She was completely wild on the warm up. I jumped one log and she tanked off on landing so I decided to leave it and just walked her round. Nerves were not improved by a 40 minute delay on the course when a rider came off. Then another 10 minute course delay a few horses later. Sobering reminders of the stakes we are playing with in this game. By the time I was walking over to the start box I had pretty much decided I was never, ever putting myself through this again. My aim to not be eliminated had morphed into a simple wish to come home safe.

And then my awesome horse just took off and flew everything as if she has been doing this all her life. Not one moment of hesitation or doubt. It was very clear pretty quickly that she was going to jump whatever she was presented to.  All I had to do was get her in front of each fence vaguely straight! Not that that was entirely straightforward! She was very, VERY keen. I did a fair amount of trotting into things, especially downhill as she was not wearing studs. The time was irrelevant today.

First BE80 and no XC jumping faults! I am humbled and amazed by this horse. And I can’t wait for our next run! So it looks like I will be putting myself through it again after all!!

I enjoyed it more than Weston Lawns and I honestly think Amber did too. There was plenty of energy and spirit around but no chaos and carnage! She was lively and somewhat challenging to contain but there was no sense at any point that she was sterssed/overwhelmed. Quite the opposite – she seemed to be having a whale of a time! What a relief. Sunshine helped too of course….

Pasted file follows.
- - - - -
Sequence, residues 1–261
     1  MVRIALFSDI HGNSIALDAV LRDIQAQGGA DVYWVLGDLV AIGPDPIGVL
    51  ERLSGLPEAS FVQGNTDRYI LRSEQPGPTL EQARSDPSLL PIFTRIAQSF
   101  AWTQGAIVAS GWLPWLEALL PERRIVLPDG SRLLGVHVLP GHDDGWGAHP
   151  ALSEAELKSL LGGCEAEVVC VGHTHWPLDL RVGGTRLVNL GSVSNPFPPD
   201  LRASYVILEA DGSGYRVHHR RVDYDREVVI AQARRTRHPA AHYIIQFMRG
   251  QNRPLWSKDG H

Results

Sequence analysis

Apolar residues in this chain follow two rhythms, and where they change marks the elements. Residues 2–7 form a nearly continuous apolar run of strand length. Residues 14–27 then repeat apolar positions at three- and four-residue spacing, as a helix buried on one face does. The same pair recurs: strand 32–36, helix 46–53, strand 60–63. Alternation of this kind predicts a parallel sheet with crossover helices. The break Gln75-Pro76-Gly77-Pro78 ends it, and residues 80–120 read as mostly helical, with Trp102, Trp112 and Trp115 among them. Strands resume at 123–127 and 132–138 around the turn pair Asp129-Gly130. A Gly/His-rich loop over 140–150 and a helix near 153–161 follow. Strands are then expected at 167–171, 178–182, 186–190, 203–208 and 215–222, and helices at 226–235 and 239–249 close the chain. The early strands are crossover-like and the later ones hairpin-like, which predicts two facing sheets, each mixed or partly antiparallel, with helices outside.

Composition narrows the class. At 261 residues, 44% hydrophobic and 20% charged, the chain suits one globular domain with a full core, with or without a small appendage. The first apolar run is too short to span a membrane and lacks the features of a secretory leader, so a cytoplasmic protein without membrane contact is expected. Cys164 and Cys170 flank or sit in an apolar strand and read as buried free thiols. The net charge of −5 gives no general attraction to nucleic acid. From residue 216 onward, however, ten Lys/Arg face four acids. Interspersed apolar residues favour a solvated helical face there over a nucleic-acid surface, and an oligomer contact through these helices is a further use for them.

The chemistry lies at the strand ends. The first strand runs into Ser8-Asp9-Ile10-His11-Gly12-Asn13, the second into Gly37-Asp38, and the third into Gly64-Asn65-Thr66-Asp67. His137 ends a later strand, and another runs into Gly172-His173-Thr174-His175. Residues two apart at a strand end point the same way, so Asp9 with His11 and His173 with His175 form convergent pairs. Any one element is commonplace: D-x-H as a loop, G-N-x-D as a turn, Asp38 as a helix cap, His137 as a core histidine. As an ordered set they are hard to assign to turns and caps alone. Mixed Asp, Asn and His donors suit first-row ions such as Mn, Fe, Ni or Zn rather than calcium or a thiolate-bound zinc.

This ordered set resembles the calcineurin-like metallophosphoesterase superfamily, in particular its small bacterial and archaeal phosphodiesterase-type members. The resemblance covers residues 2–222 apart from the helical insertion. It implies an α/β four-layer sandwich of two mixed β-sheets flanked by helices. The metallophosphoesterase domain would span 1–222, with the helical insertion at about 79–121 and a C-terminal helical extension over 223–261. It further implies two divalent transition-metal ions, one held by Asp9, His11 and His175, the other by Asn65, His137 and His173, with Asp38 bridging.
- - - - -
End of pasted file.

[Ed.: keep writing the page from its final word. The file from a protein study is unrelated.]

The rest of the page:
Photo creds to the awesome Aisa Wright of Thorncliffe Equine Transportation. When I booked horse transport to take me to and from Kelsall I did not realise I was also getting a super-groom, sports psychologist and photographer. She could not do enough for me all day. Even had a spare bobble when mine snapped just before the XC! If you ever need anyone to safely transport you and your horses and then also entertain and look after you all day then head over to

You just could not be in kinder, calmer, better hands. AND it was cheaper than a self drive box would have been!!!

Chasing Rainbows

Chasing Rainbows

Well I had my first experience of an affiliated multi-day show at Weston Lawns. And my first experience of a busy free-for-all warm up ring. It was an eye opener for sure.